Rat hippocampal neurons were cultured as described by Li [28] with minor modifications. In brief, SD rats were sprayed with 75% ethanol within 24 h of birth. Brain tissues were obtained through decapitation. The hippocampal tissues were then rapidly stripped and placed into sterile precooled D-Hank’s solution. The hippocampal tissues were cut into small pieces and gently pipetted three times. The supernatant was collected and filtered through a 75 μm filter to prepare a cell suspension. The prepared cell suspension was centrifuged at 1000 rpm for 5 min. After centrifugation, the supernatant was discarded, and the pellet comprising hippocampal neurons was collected. The pelleted cells were diluted to a concentration of 1 × 106 cells/mL using DMEM-F12 medium supplemented with 10% FBS, 1% penicillin–streptomycin mixture, and 1% B27 and then inoculated into flasks. To enhance cell attachment, each flask was pre-coated with 3 mL of L-polylysine (0.1 mg/mL) and incubated overnight at 37°C. After 24 h, the flasks were washed three times with D-Hank’s solution. The cells were incubated at 37°C in 5% CO2 for 24 h and then refreshed with serum-free neurobasal-A medium supplemented with 1% penicillin–streptomycin mixture and 1% B27. The cells were cultured for 8 d, and the culture medium was half refreshed every 3 d.

Mn Exposure

We designed four treatment groups, including a control group and three groups treated with different Mn doses. This design was based on the results of previous experiments on cell viability (S1 Table and S1 Fig), neuronal morphology (S2 Fig), and apoptosis rate of Mn-exposed neurons in different groups (S2 Table). In specific, 8-day-old primary hippocampal neurons were exposed to 100, 400, and 800 μM MnCl2 for 24 h and designated as the low Mn-exposed (L), intermediate Mn-exposed (M), and high Mn-exposed (H) groups, respectively. The remaining neurons cultured for 24 h without Mn exposure were regarded as the control group (C). After 24 h of Mn exposure, the neurons were collected for follow-up experiments.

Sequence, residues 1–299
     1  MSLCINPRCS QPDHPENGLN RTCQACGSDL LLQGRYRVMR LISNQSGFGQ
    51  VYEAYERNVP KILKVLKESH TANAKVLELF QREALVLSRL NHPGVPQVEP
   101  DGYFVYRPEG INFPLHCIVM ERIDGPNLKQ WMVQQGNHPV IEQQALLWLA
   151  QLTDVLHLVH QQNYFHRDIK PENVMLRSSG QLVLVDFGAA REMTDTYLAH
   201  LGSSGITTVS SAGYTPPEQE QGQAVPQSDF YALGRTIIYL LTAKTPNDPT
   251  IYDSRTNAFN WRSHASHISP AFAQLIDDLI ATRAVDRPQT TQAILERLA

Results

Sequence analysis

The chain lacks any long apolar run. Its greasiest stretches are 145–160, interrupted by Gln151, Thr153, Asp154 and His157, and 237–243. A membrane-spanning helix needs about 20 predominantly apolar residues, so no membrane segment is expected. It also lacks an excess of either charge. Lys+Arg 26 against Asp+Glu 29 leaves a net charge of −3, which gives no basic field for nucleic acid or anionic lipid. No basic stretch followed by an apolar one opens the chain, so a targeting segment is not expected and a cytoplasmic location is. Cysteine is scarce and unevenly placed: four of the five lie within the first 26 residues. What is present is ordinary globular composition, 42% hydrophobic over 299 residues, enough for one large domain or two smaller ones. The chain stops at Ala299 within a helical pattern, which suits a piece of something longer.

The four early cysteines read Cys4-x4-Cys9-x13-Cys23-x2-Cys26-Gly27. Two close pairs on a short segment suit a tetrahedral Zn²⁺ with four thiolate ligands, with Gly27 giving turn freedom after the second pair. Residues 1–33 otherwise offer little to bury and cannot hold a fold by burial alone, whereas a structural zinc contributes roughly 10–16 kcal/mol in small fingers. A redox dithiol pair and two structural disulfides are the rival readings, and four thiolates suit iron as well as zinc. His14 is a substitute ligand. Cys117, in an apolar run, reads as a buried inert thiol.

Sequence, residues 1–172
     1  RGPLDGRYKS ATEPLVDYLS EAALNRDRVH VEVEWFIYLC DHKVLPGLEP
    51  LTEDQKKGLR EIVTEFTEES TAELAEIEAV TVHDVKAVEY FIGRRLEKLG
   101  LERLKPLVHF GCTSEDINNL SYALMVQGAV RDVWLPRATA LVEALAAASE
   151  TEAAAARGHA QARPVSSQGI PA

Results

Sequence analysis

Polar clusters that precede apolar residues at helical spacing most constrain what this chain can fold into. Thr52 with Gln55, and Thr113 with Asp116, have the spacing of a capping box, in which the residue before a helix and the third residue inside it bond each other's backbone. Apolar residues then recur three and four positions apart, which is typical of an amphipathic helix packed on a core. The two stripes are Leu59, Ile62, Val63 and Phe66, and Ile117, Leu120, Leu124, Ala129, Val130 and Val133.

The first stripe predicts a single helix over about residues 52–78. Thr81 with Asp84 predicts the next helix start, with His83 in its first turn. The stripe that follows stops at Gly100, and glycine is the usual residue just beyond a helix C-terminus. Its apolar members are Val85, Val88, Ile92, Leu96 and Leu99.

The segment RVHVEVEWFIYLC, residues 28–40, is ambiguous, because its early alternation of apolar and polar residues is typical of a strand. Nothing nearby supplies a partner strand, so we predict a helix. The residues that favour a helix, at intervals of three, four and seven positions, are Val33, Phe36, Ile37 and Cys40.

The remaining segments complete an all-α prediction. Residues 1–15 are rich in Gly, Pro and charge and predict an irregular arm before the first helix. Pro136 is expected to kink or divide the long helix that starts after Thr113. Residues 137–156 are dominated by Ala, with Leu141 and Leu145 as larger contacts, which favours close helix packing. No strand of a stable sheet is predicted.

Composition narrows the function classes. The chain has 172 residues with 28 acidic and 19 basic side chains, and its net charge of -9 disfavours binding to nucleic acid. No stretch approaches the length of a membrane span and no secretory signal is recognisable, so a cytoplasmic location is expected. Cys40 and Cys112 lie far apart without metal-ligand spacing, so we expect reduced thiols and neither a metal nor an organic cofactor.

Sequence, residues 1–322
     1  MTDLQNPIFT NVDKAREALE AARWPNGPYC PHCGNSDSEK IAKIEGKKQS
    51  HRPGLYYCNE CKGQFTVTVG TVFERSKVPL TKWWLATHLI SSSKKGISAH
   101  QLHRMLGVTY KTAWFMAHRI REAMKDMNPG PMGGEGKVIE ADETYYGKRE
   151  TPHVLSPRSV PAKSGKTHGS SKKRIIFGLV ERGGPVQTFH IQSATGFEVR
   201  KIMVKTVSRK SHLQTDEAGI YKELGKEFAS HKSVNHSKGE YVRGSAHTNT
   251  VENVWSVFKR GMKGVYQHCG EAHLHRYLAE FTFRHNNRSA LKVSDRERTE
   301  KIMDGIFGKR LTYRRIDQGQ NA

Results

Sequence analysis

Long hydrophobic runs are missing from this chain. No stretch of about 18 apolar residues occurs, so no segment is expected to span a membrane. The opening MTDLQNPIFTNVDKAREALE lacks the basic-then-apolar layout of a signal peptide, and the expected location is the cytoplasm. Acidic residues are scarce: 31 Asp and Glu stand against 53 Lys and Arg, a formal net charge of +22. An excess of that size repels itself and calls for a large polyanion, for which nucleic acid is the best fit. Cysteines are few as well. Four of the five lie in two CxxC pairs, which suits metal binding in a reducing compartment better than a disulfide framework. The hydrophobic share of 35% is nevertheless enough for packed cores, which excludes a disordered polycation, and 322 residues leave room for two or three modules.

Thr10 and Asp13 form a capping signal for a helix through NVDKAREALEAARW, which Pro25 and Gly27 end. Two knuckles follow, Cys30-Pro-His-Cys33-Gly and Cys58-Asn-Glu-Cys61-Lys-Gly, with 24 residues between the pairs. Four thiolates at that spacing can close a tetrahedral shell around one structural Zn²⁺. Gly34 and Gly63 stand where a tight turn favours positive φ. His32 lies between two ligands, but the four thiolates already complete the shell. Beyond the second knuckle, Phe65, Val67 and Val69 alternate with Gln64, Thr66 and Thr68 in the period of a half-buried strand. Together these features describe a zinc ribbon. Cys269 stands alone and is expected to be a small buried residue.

Before the follow-up experiments, in order to harvest enough neurons for further analysis, we first stripped and collected the hippocampus from six rats to prepare an initial cell suspension. Subsequently, the cells were cultured and treated with/without Mn, then used as one sample. Each group (including one negative control and three different Mn-exposed groups) contained three samples as biological replicate.

RNA Extraction and RNA Quantity Control

Cellular total RNA was extracted from hippocampal neurons of 12 SD rat samples by using TRIzol (Invitrogen life technologies, Carlsbad, CA, USA) in accordance with the manufacturer’s protocol. The integrity of the RNA was assessed through standard denaturing agarose gel electrophoresis. A NanoDrop ND-1000 spectrophotometer was used to determine the quantity and quality of the total RNA.

Microarray analysis of lncRNA and mRNA expression